“They all come every year and serve at the orphanage and home,” says Yu. 

“Christmas is not just about the family having fun and spending a lot of money. It’s a reminder that there are other people who may be in more difficult situations.

“I want to keep that going, this feeling of community, this legacy. I hope it doesn’t stop in one generation.”

Leaving a legacy

If history is anything to go by, this legacy is likely to continue.

When Yu was young, he had also observed how his father, who owned plantations, extended charity to his plantation workers by sponsoring their children’s college education.

That idea to help the next generation break the cycle of working for a landlord made sense to Yu.

“My dad used to say that those who could, should study. Till now, we have kept that going in the family business.

“From there, I realised that there are those who are trapped in a cycle that they cannot get out of.”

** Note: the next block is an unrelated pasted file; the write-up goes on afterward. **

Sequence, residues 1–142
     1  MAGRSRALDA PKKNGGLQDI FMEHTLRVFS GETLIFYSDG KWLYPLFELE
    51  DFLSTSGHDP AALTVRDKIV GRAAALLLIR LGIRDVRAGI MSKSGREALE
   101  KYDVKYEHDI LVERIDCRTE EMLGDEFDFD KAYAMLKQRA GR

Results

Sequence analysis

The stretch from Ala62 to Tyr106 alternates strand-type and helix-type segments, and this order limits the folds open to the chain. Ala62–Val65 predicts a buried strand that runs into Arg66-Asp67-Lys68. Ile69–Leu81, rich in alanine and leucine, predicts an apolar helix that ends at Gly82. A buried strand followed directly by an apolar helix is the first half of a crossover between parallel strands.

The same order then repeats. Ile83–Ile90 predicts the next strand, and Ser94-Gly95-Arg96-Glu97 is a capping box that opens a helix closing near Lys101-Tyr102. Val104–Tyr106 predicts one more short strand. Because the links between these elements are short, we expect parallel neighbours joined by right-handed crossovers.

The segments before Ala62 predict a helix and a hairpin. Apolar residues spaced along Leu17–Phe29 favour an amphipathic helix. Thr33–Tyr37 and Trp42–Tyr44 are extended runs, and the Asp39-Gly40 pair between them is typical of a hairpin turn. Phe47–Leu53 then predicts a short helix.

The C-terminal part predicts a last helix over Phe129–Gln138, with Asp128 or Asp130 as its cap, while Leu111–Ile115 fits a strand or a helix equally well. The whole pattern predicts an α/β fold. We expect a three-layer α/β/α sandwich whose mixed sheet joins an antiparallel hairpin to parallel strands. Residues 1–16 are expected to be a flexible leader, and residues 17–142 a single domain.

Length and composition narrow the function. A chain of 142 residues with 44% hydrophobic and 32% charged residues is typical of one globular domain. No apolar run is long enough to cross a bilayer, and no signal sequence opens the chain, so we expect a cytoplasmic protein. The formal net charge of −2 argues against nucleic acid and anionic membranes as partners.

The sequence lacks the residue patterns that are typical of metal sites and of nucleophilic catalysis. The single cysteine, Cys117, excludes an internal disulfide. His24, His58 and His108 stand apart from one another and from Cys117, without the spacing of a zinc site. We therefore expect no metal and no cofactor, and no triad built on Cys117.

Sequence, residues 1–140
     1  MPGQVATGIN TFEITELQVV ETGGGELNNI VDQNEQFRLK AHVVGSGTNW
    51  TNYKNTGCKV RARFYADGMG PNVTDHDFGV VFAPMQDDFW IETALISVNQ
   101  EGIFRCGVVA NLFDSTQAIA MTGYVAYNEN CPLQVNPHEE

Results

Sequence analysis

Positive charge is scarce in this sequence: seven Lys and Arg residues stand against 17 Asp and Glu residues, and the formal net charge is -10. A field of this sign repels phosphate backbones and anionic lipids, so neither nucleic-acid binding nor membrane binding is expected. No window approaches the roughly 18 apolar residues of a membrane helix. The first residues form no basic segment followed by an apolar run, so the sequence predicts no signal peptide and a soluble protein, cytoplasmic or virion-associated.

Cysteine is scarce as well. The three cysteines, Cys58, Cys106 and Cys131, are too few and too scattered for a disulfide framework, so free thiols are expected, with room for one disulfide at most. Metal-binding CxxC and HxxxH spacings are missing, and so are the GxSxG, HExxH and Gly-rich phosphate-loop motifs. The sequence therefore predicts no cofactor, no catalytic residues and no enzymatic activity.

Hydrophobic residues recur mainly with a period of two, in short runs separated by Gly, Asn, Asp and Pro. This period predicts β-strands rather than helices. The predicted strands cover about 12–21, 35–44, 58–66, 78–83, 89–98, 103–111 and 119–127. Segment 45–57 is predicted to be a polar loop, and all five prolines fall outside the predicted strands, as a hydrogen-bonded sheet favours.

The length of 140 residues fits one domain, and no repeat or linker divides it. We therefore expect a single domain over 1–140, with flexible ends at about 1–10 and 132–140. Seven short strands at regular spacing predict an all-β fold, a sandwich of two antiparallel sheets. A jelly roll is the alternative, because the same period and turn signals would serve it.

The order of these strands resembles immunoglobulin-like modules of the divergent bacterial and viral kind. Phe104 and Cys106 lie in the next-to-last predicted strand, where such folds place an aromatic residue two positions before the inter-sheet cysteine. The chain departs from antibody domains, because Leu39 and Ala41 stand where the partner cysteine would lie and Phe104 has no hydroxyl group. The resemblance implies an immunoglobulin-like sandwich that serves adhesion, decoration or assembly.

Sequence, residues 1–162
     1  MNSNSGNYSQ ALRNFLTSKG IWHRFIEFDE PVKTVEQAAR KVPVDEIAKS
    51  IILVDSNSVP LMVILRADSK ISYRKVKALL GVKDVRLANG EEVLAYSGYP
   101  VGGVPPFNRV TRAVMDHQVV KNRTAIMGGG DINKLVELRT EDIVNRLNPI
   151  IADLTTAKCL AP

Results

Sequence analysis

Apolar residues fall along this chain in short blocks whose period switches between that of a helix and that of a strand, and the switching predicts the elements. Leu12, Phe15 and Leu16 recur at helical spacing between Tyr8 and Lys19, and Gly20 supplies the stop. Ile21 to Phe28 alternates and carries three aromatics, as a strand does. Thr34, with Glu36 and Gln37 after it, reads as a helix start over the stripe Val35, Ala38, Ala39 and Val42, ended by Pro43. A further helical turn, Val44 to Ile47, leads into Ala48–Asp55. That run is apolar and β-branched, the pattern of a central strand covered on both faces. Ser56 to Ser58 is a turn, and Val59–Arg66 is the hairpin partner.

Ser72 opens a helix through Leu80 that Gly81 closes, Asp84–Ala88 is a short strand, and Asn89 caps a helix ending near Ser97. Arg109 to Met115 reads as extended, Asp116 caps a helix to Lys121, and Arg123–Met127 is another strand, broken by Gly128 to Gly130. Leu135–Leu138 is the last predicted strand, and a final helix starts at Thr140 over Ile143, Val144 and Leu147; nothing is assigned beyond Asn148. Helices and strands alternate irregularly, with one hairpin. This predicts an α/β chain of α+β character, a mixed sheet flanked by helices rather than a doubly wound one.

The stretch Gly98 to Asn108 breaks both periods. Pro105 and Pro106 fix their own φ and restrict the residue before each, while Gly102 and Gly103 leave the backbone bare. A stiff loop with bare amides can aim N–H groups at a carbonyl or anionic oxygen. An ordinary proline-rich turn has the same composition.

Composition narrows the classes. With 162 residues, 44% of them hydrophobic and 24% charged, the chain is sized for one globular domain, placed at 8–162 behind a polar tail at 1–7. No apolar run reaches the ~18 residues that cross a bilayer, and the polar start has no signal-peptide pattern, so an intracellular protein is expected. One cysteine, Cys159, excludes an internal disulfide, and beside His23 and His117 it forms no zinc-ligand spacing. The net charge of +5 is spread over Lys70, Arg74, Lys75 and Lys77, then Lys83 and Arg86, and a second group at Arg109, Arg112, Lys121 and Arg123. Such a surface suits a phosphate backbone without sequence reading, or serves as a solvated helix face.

That moment of realisation turned into a source of inspiration and a motivating force for Yu, a Catholic. 

ABLE, Raymundo Yu

“It’s good to have very passionate people for every charity, but you have to blend it with people who can also help in fundraising as well. If not, you cannot really do a lot of things,” says Raymundo Yu, second from right, at the launch of the Centre for Physically Challenged.

Dignity and self-respect

In the last 30 years, Yu has contributed both in cash and kind to the two charities. He personally sits down with the beneficiaries to find out what they require. Besides food, there have been some unusual requests, such as a singing contest and a projector.